Former Phoenix Suns guard Kevin Johnson maintained a picture-perfect public persona from his days of NBA stardom all the way to the mayor's house in his hometown of Sacramento, but there has been a disturbing number of skeletons rattling away in his closet behind the scenes.
The most notorious one of all has now gone public after 20 years.
Mandi Koba, previously only identified under the pseudonym of 'Kim Adams', granted Dave McKenna of Deadspin an interview and gave her side of the story.
To those familiar with the original report, first published by the Phoenix New Times in 1997, there aren't many surprises in the Deadspin article. Instead, it mainly served to clarify a few particulars, the most notable being her claim that Johnson paid her exactly $230,000 for her silence, which is the same number reported by the Sacramento Bee in 2008.
For Johnson, this brings an embarrassing allegation to light yet again, just when the public was beginning to recognize him for his involvement in keeping the Kings in Sacramento.
For the rest of us, this adds a new coat of paint to an old, depressing story. All parties involved did everything they could to keep NBA fans and Sacramento residents blissfully unaware of any of this, and they did a very efficient job if we're being honest here. The Phoenix Suns organization has never released a public comment on the matter, nor has Kevin Johnson.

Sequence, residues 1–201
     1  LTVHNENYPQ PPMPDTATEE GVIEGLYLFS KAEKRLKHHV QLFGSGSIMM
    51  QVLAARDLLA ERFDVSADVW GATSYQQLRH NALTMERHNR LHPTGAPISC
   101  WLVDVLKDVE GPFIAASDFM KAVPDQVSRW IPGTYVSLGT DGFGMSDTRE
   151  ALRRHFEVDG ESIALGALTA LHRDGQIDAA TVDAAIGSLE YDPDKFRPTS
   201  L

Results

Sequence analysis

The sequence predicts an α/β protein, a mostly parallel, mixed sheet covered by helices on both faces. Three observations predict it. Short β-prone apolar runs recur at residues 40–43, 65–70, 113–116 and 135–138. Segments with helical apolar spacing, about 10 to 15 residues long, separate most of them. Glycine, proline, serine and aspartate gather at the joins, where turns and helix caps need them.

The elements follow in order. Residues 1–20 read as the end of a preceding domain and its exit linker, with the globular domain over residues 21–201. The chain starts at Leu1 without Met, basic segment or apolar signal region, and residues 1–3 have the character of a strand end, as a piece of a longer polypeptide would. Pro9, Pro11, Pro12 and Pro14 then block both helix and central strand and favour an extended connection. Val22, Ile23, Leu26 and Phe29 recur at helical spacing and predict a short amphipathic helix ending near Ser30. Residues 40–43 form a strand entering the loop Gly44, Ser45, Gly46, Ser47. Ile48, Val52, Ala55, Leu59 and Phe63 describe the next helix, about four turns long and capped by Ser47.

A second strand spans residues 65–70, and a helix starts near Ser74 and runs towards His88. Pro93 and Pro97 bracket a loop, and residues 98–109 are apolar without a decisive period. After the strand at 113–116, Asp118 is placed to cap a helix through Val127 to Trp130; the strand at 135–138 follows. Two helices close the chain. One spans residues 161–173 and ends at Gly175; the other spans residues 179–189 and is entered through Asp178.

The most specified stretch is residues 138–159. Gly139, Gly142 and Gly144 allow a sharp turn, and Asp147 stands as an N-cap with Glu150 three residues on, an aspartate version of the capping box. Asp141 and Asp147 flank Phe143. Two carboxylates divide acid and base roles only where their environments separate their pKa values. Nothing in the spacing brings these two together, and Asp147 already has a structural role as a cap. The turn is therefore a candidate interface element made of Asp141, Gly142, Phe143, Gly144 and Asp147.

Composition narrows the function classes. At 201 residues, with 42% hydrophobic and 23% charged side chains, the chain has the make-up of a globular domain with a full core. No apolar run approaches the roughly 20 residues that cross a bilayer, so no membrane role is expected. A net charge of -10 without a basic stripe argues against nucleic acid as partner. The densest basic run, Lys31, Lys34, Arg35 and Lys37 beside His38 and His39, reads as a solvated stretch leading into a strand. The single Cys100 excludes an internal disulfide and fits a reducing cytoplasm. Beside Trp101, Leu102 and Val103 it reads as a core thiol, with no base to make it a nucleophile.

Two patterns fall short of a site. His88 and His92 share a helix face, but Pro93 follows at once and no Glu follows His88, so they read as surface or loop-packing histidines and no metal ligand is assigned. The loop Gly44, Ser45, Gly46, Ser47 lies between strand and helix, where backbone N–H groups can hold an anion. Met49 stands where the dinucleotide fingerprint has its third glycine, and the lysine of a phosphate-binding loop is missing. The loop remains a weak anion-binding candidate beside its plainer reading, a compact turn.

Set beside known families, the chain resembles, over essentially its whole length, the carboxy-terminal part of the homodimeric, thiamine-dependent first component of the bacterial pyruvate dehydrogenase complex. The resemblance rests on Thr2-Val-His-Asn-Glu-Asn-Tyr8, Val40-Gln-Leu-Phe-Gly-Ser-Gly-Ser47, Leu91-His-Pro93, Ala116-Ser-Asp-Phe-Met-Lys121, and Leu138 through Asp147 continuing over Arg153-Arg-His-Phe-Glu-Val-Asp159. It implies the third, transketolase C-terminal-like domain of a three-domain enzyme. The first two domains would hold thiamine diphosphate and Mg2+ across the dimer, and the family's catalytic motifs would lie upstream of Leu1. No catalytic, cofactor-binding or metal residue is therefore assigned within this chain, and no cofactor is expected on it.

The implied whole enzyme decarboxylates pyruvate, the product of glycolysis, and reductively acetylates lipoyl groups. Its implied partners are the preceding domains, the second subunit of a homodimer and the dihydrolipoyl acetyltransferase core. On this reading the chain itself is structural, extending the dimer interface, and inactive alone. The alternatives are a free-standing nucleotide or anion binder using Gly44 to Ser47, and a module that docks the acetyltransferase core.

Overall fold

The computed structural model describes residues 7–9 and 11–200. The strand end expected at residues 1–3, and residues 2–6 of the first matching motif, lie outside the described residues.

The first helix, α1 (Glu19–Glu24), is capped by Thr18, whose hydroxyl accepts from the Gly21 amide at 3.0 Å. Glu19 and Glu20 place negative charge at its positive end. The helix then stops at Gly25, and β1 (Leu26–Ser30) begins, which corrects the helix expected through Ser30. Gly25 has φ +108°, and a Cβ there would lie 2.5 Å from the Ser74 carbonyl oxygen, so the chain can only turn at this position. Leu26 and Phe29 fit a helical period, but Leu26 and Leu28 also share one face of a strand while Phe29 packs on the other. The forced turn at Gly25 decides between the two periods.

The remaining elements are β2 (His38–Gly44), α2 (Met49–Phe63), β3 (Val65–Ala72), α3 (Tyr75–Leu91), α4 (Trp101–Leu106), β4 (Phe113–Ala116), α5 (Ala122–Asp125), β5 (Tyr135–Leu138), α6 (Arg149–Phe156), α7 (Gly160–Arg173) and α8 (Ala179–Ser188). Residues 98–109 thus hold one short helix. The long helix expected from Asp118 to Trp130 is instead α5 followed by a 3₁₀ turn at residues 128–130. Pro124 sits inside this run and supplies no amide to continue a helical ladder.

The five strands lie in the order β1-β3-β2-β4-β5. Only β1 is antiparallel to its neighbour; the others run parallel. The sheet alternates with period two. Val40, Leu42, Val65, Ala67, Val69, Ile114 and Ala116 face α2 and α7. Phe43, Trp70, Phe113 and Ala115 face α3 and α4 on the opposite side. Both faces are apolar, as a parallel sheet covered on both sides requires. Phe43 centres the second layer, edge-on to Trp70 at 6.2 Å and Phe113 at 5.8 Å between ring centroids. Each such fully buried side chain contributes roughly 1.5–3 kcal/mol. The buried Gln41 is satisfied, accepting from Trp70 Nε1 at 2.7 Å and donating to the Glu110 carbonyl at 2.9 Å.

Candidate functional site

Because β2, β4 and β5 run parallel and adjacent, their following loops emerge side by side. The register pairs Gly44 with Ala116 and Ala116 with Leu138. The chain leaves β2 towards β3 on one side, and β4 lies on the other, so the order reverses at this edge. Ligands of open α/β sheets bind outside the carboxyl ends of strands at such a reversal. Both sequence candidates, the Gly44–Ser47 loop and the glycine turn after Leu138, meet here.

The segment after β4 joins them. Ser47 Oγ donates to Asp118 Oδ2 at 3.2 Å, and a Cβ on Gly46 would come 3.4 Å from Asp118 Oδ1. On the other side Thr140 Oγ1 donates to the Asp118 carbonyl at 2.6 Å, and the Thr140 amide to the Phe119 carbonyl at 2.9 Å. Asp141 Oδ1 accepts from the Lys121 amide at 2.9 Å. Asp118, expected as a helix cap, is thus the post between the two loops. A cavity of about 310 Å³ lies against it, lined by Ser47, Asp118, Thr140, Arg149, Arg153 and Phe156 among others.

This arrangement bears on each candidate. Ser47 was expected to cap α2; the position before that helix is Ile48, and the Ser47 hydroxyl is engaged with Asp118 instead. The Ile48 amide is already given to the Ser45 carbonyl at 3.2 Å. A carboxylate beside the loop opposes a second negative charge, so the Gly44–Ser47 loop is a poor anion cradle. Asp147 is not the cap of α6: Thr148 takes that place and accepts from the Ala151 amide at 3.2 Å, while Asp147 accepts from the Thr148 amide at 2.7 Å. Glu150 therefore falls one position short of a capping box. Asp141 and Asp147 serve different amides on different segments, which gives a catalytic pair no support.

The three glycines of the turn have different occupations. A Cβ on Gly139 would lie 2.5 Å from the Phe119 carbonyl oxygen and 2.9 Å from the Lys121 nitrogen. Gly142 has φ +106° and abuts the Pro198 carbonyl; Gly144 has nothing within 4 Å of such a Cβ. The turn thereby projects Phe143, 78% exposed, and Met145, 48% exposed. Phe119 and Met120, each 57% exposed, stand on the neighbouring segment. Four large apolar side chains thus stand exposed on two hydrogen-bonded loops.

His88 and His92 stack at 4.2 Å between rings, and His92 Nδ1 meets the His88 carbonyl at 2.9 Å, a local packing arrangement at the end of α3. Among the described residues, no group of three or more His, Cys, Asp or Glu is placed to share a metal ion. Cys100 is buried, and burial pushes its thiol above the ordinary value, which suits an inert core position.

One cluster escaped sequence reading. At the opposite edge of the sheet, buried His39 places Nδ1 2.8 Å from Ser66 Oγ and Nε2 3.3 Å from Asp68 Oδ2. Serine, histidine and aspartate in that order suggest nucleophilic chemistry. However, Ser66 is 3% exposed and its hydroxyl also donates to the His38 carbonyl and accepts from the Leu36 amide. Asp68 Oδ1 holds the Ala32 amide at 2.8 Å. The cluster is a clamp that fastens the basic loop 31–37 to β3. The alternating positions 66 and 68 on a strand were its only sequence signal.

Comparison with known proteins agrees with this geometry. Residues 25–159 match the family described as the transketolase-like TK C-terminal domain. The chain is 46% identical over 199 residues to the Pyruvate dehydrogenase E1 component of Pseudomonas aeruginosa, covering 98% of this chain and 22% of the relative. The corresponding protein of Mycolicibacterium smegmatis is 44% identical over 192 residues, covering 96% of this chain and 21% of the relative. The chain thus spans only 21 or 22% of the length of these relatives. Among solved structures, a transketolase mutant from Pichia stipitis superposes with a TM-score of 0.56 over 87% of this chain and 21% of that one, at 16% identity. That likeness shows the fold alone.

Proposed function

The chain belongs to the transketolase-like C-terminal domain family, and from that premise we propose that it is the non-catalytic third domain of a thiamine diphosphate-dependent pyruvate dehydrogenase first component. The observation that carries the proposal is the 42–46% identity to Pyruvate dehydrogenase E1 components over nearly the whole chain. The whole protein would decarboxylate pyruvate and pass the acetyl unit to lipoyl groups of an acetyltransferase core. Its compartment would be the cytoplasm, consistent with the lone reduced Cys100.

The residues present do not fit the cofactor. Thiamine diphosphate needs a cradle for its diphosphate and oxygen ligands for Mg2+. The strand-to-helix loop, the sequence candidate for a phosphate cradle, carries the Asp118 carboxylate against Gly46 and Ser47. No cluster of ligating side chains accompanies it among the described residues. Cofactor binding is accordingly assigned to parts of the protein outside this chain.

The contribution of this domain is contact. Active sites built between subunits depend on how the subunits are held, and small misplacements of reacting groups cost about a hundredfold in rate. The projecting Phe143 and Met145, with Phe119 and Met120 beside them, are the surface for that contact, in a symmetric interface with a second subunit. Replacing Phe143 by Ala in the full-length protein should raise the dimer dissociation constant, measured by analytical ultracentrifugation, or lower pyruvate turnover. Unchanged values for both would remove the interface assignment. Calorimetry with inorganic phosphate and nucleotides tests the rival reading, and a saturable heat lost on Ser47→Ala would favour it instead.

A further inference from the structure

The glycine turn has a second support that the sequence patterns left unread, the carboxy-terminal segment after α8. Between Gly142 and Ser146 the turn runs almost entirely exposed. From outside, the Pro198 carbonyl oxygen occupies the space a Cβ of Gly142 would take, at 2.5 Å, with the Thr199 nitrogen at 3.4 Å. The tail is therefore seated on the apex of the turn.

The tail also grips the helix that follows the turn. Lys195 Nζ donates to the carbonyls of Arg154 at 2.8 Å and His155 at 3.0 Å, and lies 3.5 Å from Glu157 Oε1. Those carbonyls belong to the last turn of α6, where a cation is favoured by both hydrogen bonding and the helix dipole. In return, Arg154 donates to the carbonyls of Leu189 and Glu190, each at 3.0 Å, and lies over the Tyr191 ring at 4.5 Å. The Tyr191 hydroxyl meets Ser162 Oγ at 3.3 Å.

It's as if it never happened.
Except now, the victim has a name. And a story to tell.
It would be much easier to dismiss Koba's allegations if it weren't for the uncomfortable fact that there exist multiple other charges that portray Kevin Johnson as the proverbial wolf in sheep's clothing, using his status in his community as a means to get inappropriately close to women, be them underage or not.
I could segue into a subplot here about the dangers of romanticizing professional athletes and the role they play in society, but I prefer not to insult everyone's intelligence. If you're smart enough to operate a keyboard, by all measures you should be abundantly aware that basketball players are still nothing more than human beings.
Unfortunately, they weren't granted a supreme sense of morality just because they play for our favorite team.
What I really would like to say is, it sucks.
It sucks for a generation of Suns fans who grew up watching Kevin Johnson. It sucks because the proper narrative here should be whether Kevin Johnson is worthy of the Hall of Fame, not what his showertime policies are when it comes to underage girls. It sucks for our country's justice system, wherein even the more heinous accusations can be wished away with the power of a millionaire's checkbook.
Of course, none of that compares to the 20-year anguish of Mandi Koba, if one were to assume that her story is accurate.